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June 29, 2012

Kim Clijsters


K. CLIJSTERS/ V. Zvonareva
6‑3, 4‑3 (ret.)

THE MODERATOR:  Questions, please.

Q.  Not the way you want to win a match, but how happy were you with the way you were playing?
KIM CLIJSTERS:  I think it was tough to have a good feeling out there today.  The wind made it really tough.  Vera hits a flat, low ball over the net.  It was hard.
I felt like the wind was kind of always changing.  Sometimes we would start a rally without wind, then all of a sudden it would be really bad.  It was really hard to get a good rhythm out there and get a feel for how to adjust.
But I felt like overall I was consistent and I did what I had to do out there.  But to say I'm coming off court with a good feeling, I don't think so.  I have two days now to practice and get that back.

Q.  Can you say a few words about your next opponent now, Angelique?
KIM CLIJSTERS:  I've never played against her.  It will be a first.  Obviously a left‑hander is always tough.  It's always tough to play a lefty.  She's been playing some really good tennis.  She's a fighter and physically strong girl, so it will definitely be a very tough match for me.
But I look forward to playing against somebody like that who I never played against before, where you just have to really be on top of your game, try to play aggressive tennis, but at the same time kind of get to know how your opponent plays and get a feel for it, the type of shots she makes, the types of decisions she makes out there.

Q.  At this stage of the tournament, are you happy to have the two‑day break?
KIM CLIJSTERS:  I'm happy with the two‑day break.  With my stomach, every day rest that I can have, it's a bonus.

Q.  Did you have a chance to watch the Nadal match last night?

Q.  What were your thoughts as that was unfolding?
KIM CLIJSTERS:  I was like, No.  I don't know.  I don't know.  I just wanted Nadal to win and come back.  I think he did everything right to try to stay in the match, especially in the fifth set.  But the guy played incredible.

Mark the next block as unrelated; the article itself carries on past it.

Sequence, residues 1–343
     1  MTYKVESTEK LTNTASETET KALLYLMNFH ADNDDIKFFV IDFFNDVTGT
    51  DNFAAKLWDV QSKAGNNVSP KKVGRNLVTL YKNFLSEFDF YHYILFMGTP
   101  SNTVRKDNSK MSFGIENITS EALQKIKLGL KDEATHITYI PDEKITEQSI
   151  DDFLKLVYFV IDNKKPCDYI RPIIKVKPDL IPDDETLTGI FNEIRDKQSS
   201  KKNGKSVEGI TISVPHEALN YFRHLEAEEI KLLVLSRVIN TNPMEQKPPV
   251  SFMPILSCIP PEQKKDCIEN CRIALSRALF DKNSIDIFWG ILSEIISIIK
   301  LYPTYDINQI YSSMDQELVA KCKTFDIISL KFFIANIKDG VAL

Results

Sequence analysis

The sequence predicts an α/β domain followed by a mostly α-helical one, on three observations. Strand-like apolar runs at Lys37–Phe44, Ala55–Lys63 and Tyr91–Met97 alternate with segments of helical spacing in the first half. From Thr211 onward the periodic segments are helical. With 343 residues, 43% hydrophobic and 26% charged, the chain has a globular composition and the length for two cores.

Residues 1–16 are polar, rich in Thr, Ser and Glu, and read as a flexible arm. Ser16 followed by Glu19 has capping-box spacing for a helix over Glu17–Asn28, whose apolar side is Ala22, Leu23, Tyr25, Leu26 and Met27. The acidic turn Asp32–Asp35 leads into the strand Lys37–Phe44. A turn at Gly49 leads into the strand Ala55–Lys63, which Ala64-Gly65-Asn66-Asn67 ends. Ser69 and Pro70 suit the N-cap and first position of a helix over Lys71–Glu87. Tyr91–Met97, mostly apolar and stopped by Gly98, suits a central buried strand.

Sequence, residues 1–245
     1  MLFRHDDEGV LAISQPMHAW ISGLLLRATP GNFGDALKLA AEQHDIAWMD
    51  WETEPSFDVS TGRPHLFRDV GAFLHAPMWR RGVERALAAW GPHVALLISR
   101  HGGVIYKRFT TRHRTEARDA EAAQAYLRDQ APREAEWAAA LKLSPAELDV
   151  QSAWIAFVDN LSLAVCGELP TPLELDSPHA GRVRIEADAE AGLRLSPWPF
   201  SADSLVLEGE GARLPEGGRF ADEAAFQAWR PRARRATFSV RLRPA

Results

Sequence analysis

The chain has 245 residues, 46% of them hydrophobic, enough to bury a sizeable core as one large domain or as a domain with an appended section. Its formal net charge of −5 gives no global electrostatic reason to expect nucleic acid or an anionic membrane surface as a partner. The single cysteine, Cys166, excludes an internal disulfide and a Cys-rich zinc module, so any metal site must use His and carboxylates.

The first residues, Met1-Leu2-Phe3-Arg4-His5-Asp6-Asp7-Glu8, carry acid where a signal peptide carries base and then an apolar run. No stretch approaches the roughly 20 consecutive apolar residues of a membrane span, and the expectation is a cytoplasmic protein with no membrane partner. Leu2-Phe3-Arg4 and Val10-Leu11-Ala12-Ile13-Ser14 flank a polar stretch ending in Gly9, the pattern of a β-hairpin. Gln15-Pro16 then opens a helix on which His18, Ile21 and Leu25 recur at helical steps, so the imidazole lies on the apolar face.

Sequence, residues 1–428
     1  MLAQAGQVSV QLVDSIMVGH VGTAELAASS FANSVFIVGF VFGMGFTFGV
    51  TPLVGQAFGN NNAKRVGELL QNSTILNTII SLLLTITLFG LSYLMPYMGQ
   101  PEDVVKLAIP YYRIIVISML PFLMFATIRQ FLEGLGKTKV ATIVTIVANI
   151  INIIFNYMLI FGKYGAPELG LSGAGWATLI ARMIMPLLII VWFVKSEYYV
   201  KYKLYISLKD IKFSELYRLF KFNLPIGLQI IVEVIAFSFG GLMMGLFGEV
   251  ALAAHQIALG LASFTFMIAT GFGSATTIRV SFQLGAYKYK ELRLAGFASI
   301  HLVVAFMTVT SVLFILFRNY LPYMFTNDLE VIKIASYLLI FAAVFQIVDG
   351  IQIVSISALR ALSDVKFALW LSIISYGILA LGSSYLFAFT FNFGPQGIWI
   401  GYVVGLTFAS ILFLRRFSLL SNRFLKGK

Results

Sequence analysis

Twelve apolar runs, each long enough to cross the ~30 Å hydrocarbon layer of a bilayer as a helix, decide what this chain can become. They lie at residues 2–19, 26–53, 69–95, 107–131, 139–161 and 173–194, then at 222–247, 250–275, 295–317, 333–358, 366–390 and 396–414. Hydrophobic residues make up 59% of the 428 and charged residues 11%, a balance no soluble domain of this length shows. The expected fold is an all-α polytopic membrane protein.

I'm curious to see how he's going to play tomorrow because a lot of times‑‑ I don't know.  Yeah, to me he looked a little bit arrogant out there, so I wonder how he'll react in his next match, if he can stay grounded, keep his feet on the ground, and try to keep that result going.
Nobody cares too much.  You can beat Nadal, but if you lose the next round, you know, then yeah.
I'm going a definitely watch him tomorrow and see how he will play.

Q.  How do you explain when a guy hits rockets like that?
KIM CLIJSTERS:  There's only one word, and I think it's 'adrenaline.'  Somebody said during the commentary that‑‑ was it his first time playing at Wimbledon?  It was unbelievable.
The decisions he was making, whenever he touched the ball, it was either a winner or an ace.  It was unbelievable.  You kind of think, Okay, at 5‑4 let's see if he maybe gets a little bit nervous.
To his credit, he played really, really well.  That's why I said I'm going to be curious to see how he does.

Q.  Where are you with your injury?
KIM CLIJSTERS:  It's stable.  It hasn't gotten worse since my second and third match, so that's obviously what I'm very happy about.

Q.  Back to Kerber, you said it's fun to play a new player.  It's also Wimbledon, she's been playing great, you haven't played her before, so there's a danger element to it.
KIM CLIJSTERS:  Yeah, of course.  But I think anybody in the draw now, there's a danger.  Maybe, like my previous round against Hlavackova, that was a girl I never played against.  You have to be so focused on trying to do well, what I have to do well, but at the same time just be extra focused on little things.